Tag Archives: England

Rabbits

Walking the Ridgeway track
in a dripping autumn
rabbits scatter away
lollop towards the grassy mound
of Waylands Smithy
an ancient tomb
haunted by a Norse godsmith
here in troubled England
but I have no horse to shoe today

Simply rabbits to shoo away

Copyright © 2022 Kim Whysall-Hammond

This poem was written in response to the Quadrille (44 word poem) prompt over at dverse.

Wild Hunt

Screaming baying the hounds are loose
their shrill screaking blare sings out
the noise of hell incarnate
caterwauling across a starless sky
continuing and resounding across this night
evoking howls from earthbound dogs
silence from all other creatures
and dread in human hearts

The wild hunt is loose

Yowling yelps rent the sky into fragments
lamentation fills villages and homes
palpable terror passes from neighbour to neighbour
as terror rides aloft intent on unknown prey
a sudden screech preludes eerie silence
celestial mayhem pauses and stills
the world below baits breath
waits as the hunt fades slowly into the clouds

Silence is not a comfort

Copyright © 2022 Kim Whysall-Hammond

Autumns New Dance

Let’s dance cry russet leaves
that whirl, spin and flutter
Let’s dance shouts thunder
to his parner the lightning
Let’s dance says the tornado
as she waltzes along
through an unprepared island

Copyright © 2022 Kim Whysall-Hammond

This poem tells of an unexpected tornado this week on the Isle of Wight here in England. It has been written in response to Rebeccas September Poetry Challenge over at :

The tornado can be seen on the BBC:

https://www.bbc.co.uk/news/uk-england-hampshire-62819735

High on the Downs

Long grasses sift the evening wind
scent it with pollens
stars prickle through high cloud

somewhere, Skylark still sings
finishing the day shift
elsewhere, Owl calls
announcing night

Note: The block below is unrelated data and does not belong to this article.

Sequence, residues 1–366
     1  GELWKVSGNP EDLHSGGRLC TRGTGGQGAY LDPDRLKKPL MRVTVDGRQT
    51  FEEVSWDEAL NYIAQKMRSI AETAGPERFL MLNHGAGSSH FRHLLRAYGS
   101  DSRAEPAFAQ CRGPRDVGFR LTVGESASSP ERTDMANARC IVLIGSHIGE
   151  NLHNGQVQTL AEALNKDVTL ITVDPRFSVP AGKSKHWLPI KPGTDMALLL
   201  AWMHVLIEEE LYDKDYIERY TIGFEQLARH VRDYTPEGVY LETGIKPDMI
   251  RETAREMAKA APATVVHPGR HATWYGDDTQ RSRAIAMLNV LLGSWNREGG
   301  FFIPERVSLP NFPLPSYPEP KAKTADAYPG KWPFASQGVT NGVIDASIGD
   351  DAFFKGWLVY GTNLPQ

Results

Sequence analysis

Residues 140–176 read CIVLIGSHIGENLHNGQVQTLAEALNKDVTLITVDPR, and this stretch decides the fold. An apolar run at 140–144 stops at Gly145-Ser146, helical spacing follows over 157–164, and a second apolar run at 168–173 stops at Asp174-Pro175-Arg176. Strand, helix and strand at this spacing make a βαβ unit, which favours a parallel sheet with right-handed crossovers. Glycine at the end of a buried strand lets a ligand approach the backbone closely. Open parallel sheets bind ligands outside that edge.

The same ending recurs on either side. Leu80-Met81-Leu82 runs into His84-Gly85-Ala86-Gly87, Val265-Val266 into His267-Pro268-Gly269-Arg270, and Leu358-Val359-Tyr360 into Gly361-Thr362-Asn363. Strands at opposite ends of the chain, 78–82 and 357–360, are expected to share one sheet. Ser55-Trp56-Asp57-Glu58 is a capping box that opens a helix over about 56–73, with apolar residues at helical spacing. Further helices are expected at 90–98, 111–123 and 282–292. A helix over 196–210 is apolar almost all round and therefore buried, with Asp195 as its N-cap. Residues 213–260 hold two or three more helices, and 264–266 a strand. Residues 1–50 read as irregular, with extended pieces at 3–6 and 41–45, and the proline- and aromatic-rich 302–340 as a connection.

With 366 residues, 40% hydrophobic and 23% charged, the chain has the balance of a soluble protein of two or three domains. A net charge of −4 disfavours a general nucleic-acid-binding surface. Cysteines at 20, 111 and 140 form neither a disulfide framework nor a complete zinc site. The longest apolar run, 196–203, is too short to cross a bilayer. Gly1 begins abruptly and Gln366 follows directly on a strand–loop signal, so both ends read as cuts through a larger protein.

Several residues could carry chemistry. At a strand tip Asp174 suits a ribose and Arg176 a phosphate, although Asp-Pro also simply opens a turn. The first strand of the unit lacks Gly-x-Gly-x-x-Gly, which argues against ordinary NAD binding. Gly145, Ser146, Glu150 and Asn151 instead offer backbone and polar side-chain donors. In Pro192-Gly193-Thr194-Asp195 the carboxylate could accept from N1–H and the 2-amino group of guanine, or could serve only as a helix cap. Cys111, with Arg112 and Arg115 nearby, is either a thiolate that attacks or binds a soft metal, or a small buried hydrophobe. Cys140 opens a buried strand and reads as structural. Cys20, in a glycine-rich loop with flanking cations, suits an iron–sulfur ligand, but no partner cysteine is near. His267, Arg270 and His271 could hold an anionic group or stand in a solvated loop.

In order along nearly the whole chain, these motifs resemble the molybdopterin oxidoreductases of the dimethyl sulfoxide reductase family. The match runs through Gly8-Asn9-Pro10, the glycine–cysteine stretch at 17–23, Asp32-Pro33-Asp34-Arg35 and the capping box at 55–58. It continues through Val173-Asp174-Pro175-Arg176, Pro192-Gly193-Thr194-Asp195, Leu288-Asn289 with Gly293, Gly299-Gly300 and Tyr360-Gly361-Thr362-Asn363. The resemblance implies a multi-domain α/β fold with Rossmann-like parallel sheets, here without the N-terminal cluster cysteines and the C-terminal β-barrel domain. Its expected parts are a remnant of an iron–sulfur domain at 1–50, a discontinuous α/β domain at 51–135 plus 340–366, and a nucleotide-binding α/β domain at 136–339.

dusk empties the land
of humanity
all close together
in their dim shelters

here on the ridge
Hare comes close
closer
black tipped ears erect

we return her stare
for what seems
forever

Copyright © 2022 Kim Whysall-Hammond

Written for this weeks  earthweal weekly challenge: SPIRITS OF PLACE

To Ham Hill and Beyond

The lanes are lined with lace
Cow Parsley that sways and dances as we pass
our prayer wheel tyres turn and
charge our journey with significance

We dive deep into low green tree tunnels
where gnarled heat-seeking branches
reach out, over and above

Rise to a downland sea of many grasses
arrayed with sheep and bleating lambs
where the horizon is calling
to take us away

Copyright © 2021 Kim Whysall-Hammond

Again on Ham Hill

Above a Red Kite slides the wind
alert for who knows what
her searing glance burns

Here on the escarpment wind is all
trees continually rustle in its grip
bend to its command

A Hare runs onto our rutted path
stops and turns to look us over
dismisses us with a leap and a bound

Grass grows tall and wild here
dips and flows, always in motion
always alive

Copyright © 2021 Kim Whysall-Hammond

https://earthweal.com/2021/04/30/earthweal-open-link-weekend-67/

Twenty Twenty Cricket

Crowded into the bowl, excitement mounts
Shouting as the brightly coloured teams come on
Every ball bowled greeted by an intaken breath
Every shot acclaimed by cheers

The bowler waits restlessly
As a batsman gardens at the wicket
Fielders circle to the boundary edge
Keen to take a catch

The Wicket Keeper nonchalantly sledges
Then, a crack and the ball lofts high
Leather on willow performing the longed for magic
The Great Game is on

Copyright © 2021 Kim Whysall-Hammond

Outdoor sport is allowed once more in England….yay!

Farm

My rolling road smooths over the hills
reveals a distant farm house
hazy gray, huddled in trees
we roll on and the farm folds away
gone into green.
As it did
when Vikings rode past
hunting for spoils, women and food
when the Revenue came later
searching for tax payers.

This land is ancient
holdings forged millennia ago
only when warfare encompassed the air
was this farms safety broached.
Yet bombers passed over to pit and hole
to blast and burn
the farm house remained
snuggled into the land.


Copyright © 2018 Kim Whysall-Hammond